We're living in a period of broad comedy. Let's face it: subtlety in humor is not the province of film anymore. In the rare instances where it can be found (The Office), it's migrated to television, seemingly to stay. So it's a pleasure to report that screenwriter Steve Conrad's directorial debut The Promotion skates out onto that thin ice of comedic subtlety. Like its characters, it's not terribly successful, but it's an admirable effort all the same.
Seann William Scott and John C. Reilly play two sad sacks competing for the same job within a supermarket chain. At the outset, one intuits that Scott's Doug Stauber has suffered enough. A competent assistant manager with a seeming lack of competition, Doug is eyeing the manager position at a soon-to-open store. He can use the bump in pay to move himself and his girlfriend (Jenna Fischer of the American version of The Office) out of their hovel of an apartment—away from the thin walls and banjo-playing neighbor and into a new house. When Doug's Peter-principled manager (Fred Armisen) calls him a "shoo-in," Doug clings to the comment as a promise and a prize.
Then Reilly's Richard Wellner comes to town. A transplant from Quebec who's tentatively navigating his addiction recovery, Richard needs a fresh start. His cheery self-effacement and instant-buddy demeanor make him an instant rival to Doug, but the ostensible hero of the piece isn't sure he's ready to step on the fragile Richard (a devotee of self-help tapes) on the way to the top of the heap. Meanwhile, both men are under the screw-tightening pressure of their corporate overlords, represented by Gil Bellows (Ally McBeal). Their methods are textbook corporate hazing—tearing down their wage slaves to see if they will build themselves back up or simply pack it in.
Will Doug remain a short-sleever for the forseeable future, or will his humble dream trump Richard's? It's a recipe for Judd Apatow-style wackiness, and indeed there are some goofy bits involving Richard's awkward lack of business acumen and sexual banjo, but writer-director Steve Conrad tends to aim subtler. He guides Scott and Reilly—both winningly quiet—into deadpan territory with strange pockets of humor and slippery characters instead of conventionally broad situations and easily pegged players. Extra points for casting Jason Bateman as a slick company retreat leader and Bobby Cannavale as Fischer's uncomfortably impressive colleague (though allowing Lili Taylor, as Richard's wife, to keep herself amused with a Scottish accent was a mistake).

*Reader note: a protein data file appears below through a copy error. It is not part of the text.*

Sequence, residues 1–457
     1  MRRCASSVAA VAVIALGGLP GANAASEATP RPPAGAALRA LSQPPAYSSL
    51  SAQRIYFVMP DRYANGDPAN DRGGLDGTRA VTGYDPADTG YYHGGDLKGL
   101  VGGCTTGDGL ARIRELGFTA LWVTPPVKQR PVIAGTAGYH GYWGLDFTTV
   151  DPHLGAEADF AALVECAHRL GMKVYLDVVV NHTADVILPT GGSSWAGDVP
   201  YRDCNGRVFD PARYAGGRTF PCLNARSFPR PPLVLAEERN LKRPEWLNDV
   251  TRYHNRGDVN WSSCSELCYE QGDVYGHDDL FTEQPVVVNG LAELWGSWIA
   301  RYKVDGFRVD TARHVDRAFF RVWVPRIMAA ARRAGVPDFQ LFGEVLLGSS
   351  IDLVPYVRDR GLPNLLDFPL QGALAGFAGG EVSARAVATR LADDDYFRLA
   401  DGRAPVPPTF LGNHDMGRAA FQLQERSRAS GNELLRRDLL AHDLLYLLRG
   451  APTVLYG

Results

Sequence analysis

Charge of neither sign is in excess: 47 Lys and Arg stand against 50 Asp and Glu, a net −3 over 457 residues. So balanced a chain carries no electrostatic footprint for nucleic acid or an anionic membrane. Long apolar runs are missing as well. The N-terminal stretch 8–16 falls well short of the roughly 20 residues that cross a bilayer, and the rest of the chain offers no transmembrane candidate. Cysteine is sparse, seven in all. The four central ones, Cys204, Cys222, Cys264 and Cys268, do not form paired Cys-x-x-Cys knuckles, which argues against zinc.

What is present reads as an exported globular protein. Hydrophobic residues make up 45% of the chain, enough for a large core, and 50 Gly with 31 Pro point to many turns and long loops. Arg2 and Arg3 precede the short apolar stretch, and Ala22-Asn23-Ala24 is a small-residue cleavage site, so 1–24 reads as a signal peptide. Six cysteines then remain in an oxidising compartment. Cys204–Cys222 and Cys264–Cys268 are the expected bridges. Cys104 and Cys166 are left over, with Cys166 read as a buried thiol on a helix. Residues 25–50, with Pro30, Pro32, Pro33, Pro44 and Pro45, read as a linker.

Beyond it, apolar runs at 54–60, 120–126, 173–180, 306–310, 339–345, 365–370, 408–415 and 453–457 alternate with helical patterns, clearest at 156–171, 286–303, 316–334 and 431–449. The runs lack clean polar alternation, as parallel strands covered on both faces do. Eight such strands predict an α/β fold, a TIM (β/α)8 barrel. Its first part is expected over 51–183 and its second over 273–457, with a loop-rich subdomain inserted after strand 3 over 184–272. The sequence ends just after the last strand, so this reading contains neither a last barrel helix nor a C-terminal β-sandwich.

As admirable as is Conrad's delicate approach, his narrative becomes muddled. Doug ties himself in moral knots in his pursuit of the job, but once it's clear he's the better man for it, the ethical waffling loses interest. When the script turns Doug's truthful answer to his boss' point-blank question into a moral failing, a "rat out" about Richard's irresponsibility, it's hard to share the filmmaker's sentiment that this is somehow wrong. And when Richard digs himself a hole with bizarre racial comments, Conrad and Reilly don' t clarify whether it's a botched attempt to make Doug look bad or just Richard's personal ineptitude.
An undercurrent of racial tension pervades the film, with a group of African-American hooligans habitually stirring trouble in the grocery's parking lot and the store's Hispanic underclass troublesomely manifesting their displeasure at being kept at the bottom of the heap. Conrad didn't have to go there, but he does, and the racial ingredient adds flavor to the mix. But it's another ambiguous element that could have used a bit more focus: it's either daring or an oversight that Conrad leaves the impression that the characters' white-bread discomfort with ethnicity might also be his own. In the end, this intriguing comedy neither catches fire nor locates the pulse of dramatic resonance it's looking for. Maybe The Promotion would've been better off as a farce after all.